As I observed here, the Trade Union Royal Commission has spent tens of millions of public money to show that the corrupt behavior of a number of Health Services Union officials is the exception rather than the rule. The payments made to a dozen or more TURC lawyers, after a ‘limited tender‘ process of very dubious propriety, far exceed the amounts involved in any of the handful of offences alleged in the Commission’s report.
But that’s not to say all is well with the Australian movement. The steady decline in union membership is mostly the result of external causes (the increased power of employers, a stream of anti-union laws, and so on), but the unions haven’t always helped their own cause.
Here are some changes I think are needed:
* Term limits for union officials. To take just two examples, Bill Ludwig has been Secretary of the Queensland AWU since 1988 while Joe DeBruyn was National Secretary of the SDA from 1978 to 2014. Both men used their entrenched position to exert political power within the Labor Party, in ways entirely unrelated to the interests and concerns of their members. Which brings me to:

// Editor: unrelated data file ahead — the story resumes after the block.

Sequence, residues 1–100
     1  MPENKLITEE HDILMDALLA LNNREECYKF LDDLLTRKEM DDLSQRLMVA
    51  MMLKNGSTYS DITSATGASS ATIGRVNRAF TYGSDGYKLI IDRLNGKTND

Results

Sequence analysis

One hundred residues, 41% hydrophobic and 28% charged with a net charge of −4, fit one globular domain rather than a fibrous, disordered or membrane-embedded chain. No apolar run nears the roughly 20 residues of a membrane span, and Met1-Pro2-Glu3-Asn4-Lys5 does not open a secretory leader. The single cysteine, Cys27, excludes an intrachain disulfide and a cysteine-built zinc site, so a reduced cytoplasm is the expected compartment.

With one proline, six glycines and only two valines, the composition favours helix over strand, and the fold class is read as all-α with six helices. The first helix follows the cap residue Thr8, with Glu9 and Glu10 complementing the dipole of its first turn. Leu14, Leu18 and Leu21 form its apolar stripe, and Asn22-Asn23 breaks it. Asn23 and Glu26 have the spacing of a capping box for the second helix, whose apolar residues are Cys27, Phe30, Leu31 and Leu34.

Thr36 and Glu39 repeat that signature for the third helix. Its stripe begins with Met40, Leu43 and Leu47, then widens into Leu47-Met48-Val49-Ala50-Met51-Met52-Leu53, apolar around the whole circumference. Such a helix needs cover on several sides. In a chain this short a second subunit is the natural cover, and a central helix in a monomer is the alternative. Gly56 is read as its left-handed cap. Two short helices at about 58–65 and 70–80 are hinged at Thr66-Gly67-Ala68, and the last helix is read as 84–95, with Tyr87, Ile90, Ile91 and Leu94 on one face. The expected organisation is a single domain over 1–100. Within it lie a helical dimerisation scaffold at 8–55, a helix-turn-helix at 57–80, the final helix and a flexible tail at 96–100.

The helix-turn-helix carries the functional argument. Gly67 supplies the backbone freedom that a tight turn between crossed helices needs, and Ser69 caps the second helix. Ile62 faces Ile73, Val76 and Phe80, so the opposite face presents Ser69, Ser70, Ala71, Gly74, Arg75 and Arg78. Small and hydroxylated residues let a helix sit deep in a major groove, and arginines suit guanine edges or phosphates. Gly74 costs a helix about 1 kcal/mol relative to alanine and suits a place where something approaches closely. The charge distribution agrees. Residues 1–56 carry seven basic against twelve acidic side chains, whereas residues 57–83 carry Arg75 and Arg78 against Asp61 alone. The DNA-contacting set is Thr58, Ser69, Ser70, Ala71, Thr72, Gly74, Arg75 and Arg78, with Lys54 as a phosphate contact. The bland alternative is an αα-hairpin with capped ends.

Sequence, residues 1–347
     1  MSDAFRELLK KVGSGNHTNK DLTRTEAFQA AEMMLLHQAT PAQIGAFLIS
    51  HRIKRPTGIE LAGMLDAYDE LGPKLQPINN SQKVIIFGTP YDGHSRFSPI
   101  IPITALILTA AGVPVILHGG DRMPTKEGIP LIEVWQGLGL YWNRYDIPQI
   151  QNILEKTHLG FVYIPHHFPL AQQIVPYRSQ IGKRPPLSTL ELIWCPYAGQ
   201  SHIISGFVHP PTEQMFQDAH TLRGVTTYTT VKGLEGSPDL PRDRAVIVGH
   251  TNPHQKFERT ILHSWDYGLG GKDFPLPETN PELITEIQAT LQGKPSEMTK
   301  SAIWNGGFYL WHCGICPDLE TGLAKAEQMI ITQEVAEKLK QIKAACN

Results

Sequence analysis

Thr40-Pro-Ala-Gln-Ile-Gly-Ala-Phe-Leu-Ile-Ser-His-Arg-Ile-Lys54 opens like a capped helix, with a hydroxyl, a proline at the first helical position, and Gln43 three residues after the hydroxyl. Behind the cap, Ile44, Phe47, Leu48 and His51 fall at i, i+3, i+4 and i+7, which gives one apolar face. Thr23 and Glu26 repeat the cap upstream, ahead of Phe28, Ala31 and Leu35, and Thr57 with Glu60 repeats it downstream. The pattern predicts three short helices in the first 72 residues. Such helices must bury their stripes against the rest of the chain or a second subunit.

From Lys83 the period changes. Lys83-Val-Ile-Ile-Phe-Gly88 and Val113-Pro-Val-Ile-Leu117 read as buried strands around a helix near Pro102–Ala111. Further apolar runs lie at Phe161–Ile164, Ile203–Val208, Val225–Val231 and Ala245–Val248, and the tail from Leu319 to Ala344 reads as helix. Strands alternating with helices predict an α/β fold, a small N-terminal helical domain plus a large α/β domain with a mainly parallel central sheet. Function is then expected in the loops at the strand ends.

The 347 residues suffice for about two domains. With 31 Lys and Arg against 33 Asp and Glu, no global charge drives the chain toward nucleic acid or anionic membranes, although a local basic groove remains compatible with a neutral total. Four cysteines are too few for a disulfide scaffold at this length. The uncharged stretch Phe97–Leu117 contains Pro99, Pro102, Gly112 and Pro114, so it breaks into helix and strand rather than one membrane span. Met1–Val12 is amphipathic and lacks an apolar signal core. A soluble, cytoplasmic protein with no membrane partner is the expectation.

* Ending affiliation with the Labor Party (or any political party). Bob Hawke recently pushed this idea as a way of freeing the ALP from the corrupting influence of the CFMEU. But the real problem is the other way around. The ALP, like most Australian political parties is a shell, controlled by factional chiefs, notably including union officials who control important blocks of votes. Obviously, someone whose main role is as a party apparatchik can hardly do a good job of representing workers
* Actual workplace experience for officials. Bill Ludwig was, at least for a few years, a pastoral worker before he was a union official. By contrast, Joe De Bruyn was one of the first representatives of a modern type – the career union official. He went to work in the SDA straight out of uni , getting the job on the basis of DLP political connections, and stayed there until he retired 40 years later.
Feel free to comment or offer your own suggestions.
Update A colleague tells me that, before devoting himself to the concerns of retail workers, Joe de Bruyn had a brief stint as an agricultural economist at the University of Sydney, where I also worked early in my career. Agricultural economics was a formative influence for quite a few Australian politicians, notably including John Dawkins and John Kerin, as well as many who became prominent in the public service and the broader economics profession.